This means the levels of insulation and thermal mass are such that no central heating system is required. The flats obtain enough heat from occupants, the solar gain from south-facing windows, and incidental gains from cooking and appliance use. This enables a single 15 kW wood pellet boiler to supply the whole block with hot water and backup heating.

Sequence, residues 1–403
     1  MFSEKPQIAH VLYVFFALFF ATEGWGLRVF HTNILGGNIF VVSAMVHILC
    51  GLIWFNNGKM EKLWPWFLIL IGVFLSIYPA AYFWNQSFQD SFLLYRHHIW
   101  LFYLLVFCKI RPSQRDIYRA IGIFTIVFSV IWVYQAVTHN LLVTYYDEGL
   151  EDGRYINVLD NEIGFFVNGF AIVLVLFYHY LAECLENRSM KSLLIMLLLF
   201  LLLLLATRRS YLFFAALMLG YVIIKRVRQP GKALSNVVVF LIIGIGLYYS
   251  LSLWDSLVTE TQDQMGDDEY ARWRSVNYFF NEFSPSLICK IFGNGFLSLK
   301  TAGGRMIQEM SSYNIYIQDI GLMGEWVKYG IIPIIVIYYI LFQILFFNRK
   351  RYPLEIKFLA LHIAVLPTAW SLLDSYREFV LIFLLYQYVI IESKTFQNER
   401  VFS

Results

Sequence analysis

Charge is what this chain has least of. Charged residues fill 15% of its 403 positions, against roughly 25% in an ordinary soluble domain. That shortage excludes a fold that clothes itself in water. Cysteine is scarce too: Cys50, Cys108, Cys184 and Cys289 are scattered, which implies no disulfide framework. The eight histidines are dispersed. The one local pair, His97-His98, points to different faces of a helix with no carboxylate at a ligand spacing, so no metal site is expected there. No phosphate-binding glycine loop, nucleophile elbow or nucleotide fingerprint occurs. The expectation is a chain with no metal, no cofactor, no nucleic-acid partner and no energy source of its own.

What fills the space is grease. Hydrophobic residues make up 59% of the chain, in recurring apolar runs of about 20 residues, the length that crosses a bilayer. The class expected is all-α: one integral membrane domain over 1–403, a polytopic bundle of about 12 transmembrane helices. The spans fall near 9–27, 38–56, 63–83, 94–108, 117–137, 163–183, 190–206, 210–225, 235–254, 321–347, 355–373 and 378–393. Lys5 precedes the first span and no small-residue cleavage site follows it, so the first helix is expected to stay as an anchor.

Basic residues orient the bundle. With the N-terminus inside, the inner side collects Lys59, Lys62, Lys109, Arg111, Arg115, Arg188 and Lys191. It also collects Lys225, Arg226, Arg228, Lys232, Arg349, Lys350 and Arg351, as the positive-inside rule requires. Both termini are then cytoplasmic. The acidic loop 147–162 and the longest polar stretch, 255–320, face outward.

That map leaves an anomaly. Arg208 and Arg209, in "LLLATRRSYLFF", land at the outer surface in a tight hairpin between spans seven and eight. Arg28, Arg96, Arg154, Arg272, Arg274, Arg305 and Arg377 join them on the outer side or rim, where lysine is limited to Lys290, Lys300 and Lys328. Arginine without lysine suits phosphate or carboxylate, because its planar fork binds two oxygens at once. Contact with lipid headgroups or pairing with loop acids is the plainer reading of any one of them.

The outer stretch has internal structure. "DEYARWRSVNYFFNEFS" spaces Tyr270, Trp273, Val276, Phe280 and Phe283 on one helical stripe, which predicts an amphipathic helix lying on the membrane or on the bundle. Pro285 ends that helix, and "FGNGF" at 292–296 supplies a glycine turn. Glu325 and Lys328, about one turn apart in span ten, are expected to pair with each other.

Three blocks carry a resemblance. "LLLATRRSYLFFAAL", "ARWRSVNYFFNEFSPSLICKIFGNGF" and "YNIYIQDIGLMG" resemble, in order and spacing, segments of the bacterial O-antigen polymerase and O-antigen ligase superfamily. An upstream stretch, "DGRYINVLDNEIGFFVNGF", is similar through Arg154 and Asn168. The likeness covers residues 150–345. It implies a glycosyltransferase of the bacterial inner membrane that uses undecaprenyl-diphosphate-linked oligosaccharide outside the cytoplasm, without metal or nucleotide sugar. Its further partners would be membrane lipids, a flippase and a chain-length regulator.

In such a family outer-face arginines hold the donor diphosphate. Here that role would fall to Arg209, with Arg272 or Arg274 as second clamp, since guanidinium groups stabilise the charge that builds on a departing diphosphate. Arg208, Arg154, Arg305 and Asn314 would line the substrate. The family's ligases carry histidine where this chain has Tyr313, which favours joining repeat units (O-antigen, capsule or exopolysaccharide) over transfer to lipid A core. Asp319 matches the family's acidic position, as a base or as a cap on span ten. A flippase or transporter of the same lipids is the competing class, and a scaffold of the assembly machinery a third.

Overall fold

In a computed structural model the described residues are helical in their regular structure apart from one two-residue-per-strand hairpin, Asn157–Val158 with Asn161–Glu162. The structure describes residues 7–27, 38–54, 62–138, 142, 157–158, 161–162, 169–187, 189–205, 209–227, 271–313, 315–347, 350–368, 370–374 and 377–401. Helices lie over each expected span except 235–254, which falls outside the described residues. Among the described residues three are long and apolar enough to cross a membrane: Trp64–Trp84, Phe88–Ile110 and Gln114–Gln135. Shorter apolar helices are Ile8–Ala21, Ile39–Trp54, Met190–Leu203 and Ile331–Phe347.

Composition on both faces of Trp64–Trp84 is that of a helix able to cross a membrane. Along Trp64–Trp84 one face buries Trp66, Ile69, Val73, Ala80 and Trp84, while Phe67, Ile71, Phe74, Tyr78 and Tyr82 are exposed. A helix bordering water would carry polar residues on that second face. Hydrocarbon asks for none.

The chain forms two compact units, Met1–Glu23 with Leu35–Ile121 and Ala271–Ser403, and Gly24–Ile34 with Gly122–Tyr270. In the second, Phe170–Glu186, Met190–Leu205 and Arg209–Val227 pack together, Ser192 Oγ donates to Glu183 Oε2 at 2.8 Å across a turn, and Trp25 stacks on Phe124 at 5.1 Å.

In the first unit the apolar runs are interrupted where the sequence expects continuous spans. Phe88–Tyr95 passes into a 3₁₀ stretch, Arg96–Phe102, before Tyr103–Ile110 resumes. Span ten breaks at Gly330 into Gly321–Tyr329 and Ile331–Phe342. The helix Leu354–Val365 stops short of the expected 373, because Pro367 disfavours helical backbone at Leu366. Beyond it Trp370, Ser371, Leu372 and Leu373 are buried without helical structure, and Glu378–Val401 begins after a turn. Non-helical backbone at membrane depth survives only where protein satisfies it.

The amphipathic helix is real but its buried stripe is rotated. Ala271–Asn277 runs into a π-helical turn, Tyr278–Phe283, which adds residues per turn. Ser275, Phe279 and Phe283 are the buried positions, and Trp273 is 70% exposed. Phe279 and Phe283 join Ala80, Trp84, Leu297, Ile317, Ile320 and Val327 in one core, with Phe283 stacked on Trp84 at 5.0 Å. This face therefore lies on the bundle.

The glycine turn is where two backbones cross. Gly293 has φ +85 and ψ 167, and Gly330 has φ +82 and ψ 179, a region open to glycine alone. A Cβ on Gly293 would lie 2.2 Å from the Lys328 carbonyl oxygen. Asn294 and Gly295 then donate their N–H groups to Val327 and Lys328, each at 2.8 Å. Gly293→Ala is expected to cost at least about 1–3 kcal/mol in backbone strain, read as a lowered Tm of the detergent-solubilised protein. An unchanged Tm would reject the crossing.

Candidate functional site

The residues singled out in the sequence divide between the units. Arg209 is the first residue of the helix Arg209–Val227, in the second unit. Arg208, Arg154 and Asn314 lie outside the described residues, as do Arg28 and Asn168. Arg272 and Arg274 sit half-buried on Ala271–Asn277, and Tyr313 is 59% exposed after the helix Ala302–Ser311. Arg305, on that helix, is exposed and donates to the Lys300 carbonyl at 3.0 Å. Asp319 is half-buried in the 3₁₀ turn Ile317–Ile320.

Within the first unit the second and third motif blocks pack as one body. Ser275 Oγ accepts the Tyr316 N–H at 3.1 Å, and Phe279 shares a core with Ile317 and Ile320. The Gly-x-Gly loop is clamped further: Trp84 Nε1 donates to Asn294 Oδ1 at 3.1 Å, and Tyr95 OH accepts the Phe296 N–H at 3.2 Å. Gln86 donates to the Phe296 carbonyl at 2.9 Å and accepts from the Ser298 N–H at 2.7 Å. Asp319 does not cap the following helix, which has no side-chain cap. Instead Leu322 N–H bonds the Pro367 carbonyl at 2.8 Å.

This building reconciles 21st-century concerns for fossil fuel reducing use with those of fitting into an existing historic urban fabric. A pallet of materials has been chosen that attempts to meet both these concerns. Yellow London stock bricks from the same brickworks that would have supplied the Victorian builders of the area, have been combined with a modern yellow terracotta block that reflects the smooth render details seen on the terrace opposite. All other materials have been chosen for their robustness in a hard urban street and for their environmental performance and durability. This building shows how a Zero (fossil) Energy Development (ZED) can be delivered on a tight urban site as a conventional development opportunity. The sales prices for the flats achieved by the developer were better than expected, and well above local comparable property showing there is a healthy appetite for eco housing in the marketplace.